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Extra insulin after meal may curb cardiovascular disease in type 1 diabetes

People with type 1 diabetes may be protected from cardiovascular disease by an additional injection of insulin three hours after eating, research suggests.
insulin

People with type 1 diabetes may be protected from cardiovascular disease by an additional injection of insulin three hours after eating, according to research.

A small trial at the National Institute for Health Researchs Newcastle Clinical Research Facility found that the additional injection allows better regulation of blood sugar level and reduces fat and inflammatory markers in the blood.

Ten men with type 1 diabetes ate three meals with identical carbohydrate and protein content.

One meal had a low fat content and two had a high fat content.

3.8 million

people in England are estimated to have diabetes, with about 90% being type 2.

Source: Public Health England.

With the low fat meal, the volunteers administered their insulin dose as

...

People with type 1 diabetes may be protected from cardiovascular disease by an additional injection of insulin three hours after eating, according to research.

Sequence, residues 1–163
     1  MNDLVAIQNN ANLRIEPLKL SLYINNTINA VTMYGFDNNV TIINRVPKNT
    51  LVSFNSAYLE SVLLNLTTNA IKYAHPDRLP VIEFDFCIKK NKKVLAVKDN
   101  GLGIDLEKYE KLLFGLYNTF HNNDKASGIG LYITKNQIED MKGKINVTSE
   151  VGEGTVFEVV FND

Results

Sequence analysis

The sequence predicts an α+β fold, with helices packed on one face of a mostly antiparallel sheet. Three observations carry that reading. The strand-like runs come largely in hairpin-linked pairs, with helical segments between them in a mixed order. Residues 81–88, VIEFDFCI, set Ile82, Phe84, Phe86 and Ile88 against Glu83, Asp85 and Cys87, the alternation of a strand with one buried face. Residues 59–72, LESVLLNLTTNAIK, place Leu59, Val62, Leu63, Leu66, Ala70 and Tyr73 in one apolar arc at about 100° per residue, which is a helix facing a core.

diabetes
An extra insulin shot might prevent cardiovascular disease
in people with type 1 diabetes. Picture: iStock

A small trial at the National Institute for Health Research’s Newcastle Clinical Research Facility found that the additional injection allows better regulation of blood sugar level and reduces fat and inflammatory markers in the blood.

Ten men with type 1 diabetes ate three meals with identical carbohydrate and protein content.

One meal had a low fat content and two had a high fat content. 

3.8 million

people in England are estimated to have diabetes, with about 90% being type 2.

Source: Public Health England. 

With the low fat meal, the volunteers administered their insulin dose as normal, calculated by the carbohydrate levels in the food.

They did the same after one high fat meal, but with the other high fat meal they also administered a further insulin injection of one-third of the original dose, three hours after eating. 

Researchers found that after the high fat meal and the standard insulin injection, sugar, fat and inflammatory markers in the blood were significantly elevated six hours after eating.

However, when the extra insulin shot was taken, the blood analysis showed normal levels of sugar, fat and inflammatory markers, similar to after the low-fat meal.


Campbell M et al (2017), An additional bolus of rapid-acting insulin to normalise postprandial cardiovascular risk factors following a high-carbohydrate high-fat meal in patients with type 1 diabetes: A randomised controlled trial. Diabetes and Vascular Disease Research.  doi:10.1177/1479164117698918

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